Brooklyn Orchids

What Are Aerial Roots and What Should I Do with Them?

Phals with aerial roots
Phals with aerial roots

If you’ve asked the question above, you are not alone! Let’s first geek out a little about words and define “aerial roots.” The prefix “aer-” is derived from the Latin word aer, which means air. So the word aerial itself is the key to unlocking the meaning. In orchids (as well as many other plants), aerial roots are roots that grow from the base of the plant upward, or out into the air, rather than down into the soil or inside the pot.

What is the purpose of aerial roots? Well, a great many types of orchids, including the most popular household orchids—Phalaenopsis—are epiphytes, as are Dendrobium, Oncidium, Vanda, Cattleya, and many many more. This term is used to describe plants that grow attached to other plants, trees, branches, stumps; in other words, epiphytes do not grow in soil. Rather, an epiphyte’s roots are exposed to the air (hence the term “aerial roots”) and cling to the surface of tree trunks and other organic matter while soaking up water and nutrients from the plant’s environment. These roots form the building blocks of the orchid and are absolutely vital to its ability to thrive. Read more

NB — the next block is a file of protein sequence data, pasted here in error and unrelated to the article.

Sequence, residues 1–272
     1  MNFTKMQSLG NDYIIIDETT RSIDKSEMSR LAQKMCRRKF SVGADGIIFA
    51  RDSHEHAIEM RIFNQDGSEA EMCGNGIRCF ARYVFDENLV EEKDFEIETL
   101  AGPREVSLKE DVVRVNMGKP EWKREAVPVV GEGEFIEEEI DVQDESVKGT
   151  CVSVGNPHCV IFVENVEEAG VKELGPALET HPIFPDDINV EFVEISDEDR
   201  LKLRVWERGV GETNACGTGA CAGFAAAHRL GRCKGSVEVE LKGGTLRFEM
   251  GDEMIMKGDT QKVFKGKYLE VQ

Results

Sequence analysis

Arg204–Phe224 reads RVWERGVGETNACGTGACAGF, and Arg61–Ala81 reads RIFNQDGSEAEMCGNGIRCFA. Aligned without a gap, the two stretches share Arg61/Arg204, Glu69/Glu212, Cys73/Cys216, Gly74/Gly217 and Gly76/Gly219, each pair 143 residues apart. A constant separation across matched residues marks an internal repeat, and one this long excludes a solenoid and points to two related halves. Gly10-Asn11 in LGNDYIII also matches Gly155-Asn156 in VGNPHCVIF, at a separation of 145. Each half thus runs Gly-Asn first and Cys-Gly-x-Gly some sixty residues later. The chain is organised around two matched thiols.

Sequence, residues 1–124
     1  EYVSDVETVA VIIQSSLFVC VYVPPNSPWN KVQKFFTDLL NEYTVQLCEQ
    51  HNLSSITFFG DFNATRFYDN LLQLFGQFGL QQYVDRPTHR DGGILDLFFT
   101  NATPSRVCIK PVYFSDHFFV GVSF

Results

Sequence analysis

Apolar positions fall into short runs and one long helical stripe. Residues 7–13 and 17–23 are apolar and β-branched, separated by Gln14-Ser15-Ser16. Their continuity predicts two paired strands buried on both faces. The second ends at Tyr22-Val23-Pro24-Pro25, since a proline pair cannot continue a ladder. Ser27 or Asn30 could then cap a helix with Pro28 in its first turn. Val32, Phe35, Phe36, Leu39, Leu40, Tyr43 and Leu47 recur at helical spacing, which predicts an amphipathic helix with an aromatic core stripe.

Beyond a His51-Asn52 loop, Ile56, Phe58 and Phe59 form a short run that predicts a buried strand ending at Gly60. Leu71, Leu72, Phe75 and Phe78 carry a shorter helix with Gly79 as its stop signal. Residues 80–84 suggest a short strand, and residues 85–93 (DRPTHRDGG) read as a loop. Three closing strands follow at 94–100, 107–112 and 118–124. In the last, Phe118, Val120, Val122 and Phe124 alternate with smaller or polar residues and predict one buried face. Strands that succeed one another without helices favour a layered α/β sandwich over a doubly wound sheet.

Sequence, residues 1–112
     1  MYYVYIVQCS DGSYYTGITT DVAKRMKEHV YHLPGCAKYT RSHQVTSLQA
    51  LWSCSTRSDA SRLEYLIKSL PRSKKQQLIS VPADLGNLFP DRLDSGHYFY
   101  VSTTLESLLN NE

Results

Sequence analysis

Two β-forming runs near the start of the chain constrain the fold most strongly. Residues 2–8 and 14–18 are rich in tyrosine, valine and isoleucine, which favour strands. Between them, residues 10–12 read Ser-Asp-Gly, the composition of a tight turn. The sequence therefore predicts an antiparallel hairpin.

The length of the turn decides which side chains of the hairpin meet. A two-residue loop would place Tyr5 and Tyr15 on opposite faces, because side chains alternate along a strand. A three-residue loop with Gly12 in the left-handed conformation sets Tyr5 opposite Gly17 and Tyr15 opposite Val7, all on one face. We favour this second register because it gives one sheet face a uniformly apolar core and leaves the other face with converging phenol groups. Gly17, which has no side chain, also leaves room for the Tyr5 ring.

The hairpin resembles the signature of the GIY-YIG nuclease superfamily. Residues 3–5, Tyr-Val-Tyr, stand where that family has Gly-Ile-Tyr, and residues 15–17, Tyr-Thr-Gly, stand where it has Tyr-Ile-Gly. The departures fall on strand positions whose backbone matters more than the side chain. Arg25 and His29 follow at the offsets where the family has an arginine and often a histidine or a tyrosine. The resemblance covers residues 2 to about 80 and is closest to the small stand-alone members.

Orchids in Jamaica, An Oncidium in Spike, and Other Developments

Well, look at that…it’s been about two months since I last updated my blog. Sorry about that, folks! I’ve been hard at work on another project that I will hopefully be able to share with you soon. During this unplanned blog hiatus, [BIG ANNOUCEMENT!] I got engaged, then went to Jamaica for what had become an engagement celebration vacation with my boyfriend fiancé. We stayed at The Jewel Dunn’s River in Ocho Rios, an all-inclusive resort, and we had a really amazing time. On our second day there I noticed a beautiful orchid in bloom attached to the trunk of a palm tree on the resort grounds, and once I saw that one I started seeing them everywhere!

Native Jamaican Orchid

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